Prague, Sept 12 (CTK) – The Czech top elected officials still reject the obligatory redistribution of refugees based on quotas and they agree on the necessity to intensify activities to tackle conflicts in the regions where migrants are coming from, they said in a statement released after their meeting today.
President Milos Zeman, Prime Minister Andrej Babis, Chamber of Deputies chairman Radek Vondracek (both ANO), Foreign Minister Jan Hamacek (Social Democrats, CSSD) and Defence Minister Lubomir Metnar (for ANO), who met at Prague Castle, the presidential seat, this afternoon, also discussed other foreign political issues, such as Brexit, anti-Russian sanctions, the threat of trade wars, the preparation of a strategic dialogue with Israel and the coordination of foreign visits until the end of this year.
“The Czech Republic will keep pushing for a change to the rules of the Common European Asylum System that would prevent the abuse of the asylum rules to enter Europe illegally and enable to preserve the system for those who really need protection,” the supreme officials said in a joint statement.
The Czech Republic should react to foreign political threats, such as illegal migration and terrorism, in a more distinctive, active and flexible way, they added.
Their meeting on foreign policy lasted about two hours. The politicians did not comment on its content for the media.
Some 15 demonstrators were protesting against Zeman’s foreign policy at Prague Castle, saying he was pushing the Czech Republic towards its departure from NATO and the EU. They were chanting slogans when the limousines with politicians were leaving the Castle.
The elected officials also confirmed in their statement the importance of the Czech Republic’s membership of NATO.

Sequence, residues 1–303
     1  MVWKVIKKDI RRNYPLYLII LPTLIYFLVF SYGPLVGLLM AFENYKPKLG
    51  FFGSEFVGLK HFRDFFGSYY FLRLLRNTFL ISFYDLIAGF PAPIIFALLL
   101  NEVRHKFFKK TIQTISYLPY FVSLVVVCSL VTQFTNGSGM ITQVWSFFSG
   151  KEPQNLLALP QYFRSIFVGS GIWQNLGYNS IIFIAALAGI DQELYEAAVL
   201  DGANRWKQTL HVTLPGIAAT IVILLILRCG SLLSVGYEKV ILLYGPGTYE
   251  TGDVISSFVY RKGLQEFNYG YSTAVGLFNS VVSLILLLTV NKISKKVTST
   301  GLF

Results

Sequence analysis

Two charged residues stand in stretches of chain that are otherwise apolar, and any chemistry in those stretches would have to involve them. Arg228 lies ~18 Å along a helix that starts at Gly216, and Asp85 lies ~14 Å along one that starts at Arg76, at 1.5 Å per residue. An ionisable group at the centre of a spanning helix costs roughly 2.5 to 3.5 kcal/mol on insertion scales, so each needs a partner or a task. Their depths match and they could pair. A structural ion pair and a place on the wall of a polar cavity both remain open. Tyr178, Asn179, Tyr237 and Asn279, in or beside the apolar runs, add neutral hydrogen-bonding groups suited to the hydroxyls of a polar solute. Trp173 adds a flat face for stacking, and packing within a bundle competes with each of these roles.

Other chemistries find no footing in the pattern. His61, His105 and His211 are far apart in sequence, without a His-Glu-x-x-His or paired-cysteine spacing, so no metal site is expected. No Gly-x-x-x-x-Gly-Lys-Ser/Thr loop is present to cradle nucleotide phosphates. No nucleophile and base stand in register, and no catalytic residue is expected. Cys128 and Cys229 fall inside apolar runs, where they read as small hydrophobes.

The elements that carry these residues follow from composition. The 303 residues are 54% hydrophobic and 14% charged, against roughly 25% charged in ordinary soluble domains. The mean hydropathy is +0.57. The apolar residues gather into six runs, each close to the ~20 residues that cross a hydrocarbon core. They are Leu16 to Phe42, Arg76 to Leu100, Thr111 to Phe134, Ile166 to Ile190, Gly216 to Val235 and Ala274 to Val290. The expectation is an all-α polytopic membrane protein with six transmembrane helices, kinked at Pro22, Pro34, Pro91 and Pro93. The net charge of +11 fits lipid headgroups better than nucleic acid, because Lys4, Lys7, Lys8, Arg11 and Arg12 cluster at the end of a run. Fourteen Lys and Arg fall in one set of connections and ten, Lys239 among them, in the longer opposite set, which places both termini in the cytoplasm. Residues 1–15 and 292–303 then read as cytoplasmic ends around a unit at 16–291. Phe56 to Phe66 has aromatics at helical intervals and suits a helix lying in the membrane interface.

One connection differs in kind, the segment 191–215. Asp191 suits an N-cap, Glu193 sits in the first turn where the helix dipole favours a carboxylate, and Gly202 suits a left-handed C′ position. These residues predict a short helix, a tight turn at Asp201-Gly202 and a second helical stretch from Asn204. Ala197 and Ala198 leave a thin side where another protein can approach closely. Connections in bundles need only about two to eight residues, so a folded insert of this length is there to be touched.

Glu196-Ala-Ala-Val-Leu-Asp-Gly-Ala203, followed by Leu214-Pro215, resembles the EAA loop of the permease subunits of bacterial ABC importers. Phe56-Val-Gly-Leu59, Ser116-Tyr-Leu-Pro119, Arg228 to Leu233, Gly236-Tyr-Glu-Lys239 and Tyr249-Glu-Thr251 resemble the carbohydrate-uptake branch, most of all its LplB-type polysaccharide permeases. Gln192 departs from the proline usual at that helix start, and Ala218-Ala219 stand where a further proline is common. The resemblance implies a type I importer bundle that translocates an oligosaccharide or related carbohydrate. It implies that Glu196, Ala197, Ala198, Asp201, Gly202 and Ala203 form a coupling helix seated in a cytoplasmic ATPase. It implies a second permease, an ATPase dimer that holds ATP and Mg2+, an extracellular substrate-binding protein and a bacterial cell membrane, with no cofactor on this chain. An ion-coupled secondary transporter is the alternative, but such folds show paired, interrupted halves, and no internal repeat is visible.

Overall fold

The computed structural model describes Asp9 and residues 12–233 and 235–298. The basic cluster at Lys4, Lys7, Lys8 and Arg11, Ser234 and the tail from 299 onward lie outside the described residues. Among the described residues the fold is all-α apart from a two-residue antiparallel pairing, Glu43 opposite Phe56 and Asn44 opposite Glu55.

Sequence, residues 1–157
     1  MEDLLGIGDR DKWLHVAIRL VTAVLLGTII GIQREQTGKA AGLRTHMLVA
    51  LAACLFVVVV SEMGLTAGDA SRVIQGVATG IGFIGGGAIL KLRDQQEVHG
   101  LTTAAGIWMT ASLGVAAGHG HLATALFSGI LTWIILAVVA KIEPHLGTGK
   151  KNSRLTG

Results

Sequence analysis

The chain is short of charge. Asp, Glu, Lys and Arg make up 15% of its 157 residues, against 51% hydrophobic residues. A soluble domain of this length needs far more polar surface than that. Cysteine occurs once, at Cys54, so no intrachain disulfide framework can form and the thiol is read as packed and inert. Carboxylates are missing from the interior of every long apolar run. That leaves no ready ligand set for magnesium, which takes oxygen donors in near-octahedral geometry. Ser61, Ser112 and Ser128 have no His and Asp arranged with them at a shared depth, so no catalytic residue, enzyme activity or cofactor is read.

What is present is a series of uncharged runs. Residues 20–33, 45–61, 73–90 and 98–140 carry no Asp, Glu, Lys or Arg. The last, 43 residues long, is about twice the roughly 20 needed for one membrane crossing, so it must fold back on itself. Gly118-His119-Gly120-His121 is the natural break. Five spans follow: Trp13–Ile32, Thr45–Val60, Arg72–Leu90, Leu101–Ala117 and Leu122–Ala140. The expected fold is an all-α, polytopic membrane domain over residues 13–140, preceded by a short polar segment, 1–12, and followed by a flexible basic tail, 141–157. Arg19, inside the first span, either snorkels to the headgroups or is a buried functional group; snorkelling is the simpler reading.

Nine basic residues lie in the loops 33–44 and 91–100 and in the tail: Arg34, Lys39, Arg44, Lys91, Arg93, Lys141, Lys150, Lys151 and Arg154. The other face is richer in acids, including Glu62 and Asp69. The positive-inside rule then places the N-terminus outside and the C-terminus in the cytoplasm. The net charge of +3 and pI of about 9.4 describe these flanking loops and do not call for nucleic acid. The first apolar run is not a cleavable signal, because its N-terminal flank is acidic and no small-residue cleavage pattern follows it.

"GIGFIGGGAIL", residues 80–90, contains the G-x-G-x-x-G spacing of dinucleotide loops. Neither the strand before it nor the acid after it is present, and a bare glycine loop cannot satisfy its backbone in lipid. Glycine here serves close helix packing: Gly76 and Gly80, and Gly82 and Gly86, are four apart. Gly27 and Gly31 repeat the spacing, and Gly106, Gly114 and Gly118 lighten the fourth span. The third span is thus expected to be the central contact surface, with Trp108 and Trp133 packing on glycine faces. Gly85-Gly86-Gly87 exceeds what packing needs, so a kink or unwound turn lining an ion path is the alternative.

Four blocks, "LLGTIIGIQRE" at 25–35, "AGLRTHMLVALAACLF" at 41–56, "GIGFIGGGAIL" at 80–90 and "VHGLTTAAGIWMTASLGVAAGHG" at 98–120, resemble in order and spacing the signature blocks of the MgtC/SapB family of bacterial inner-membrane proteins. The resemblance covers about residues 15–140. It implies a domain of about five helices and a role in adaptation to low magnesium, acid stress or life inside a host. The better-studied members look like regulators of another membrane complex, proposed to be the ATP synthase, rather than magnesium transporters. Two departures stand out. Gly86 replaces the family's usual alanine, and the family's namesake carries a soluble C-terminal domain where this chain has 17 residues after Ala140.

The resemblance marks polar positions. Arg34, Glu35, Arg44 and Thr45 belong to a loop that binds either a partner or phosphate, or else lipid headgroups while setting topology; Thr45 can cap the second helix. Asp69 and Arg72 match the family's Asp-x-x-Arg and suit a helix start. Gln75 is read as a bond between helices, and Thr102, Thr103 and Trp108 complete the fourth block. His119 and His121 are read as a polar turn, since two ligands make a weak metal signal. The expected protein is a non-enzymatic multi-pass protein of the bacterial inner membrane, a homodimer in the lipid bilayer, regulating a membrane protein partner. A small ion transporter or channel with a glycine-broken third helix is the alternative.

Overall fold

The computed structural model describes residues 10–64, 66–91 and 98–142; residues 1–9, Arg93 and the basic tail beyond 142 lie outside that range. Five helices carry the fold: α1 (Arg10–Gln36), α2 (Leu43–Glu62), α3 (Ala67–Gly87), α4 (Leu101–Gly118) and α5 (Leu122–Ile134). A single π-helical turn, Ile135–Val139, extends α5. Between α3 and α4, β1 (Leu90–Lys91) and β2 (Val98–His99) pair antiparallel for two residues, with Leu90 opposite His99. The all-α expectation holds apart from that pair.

They supported the Czech contribution to NATO defence and the spreading of stability in its neighbourhood both by its strengthened participation in NATO missions and operations… and by continuing support for the partner countries, the statement says.
The politicians also debated the trade disputes between the United States and China and the European Union.
“They agreed that it is important for such an open economy dependent on export as the Czech one to preserve liberal trade and the authority of the World Trade Organisation,” they agreed in their statement.
The Czech Republic should try to actively support liberalisation and the observance of international trade rules as well as to diversify export.
Speaking about Brexit, the supreme officials said the closest possible relations between the EU and Britain should be preserved. The Czech Republic supports the joint positions of the EU 27 in the talks on the Brexit conditions.
“The priorities were and still are the preservation of the EU internal market and the indivisibility of its four freedoms,” their statement points out.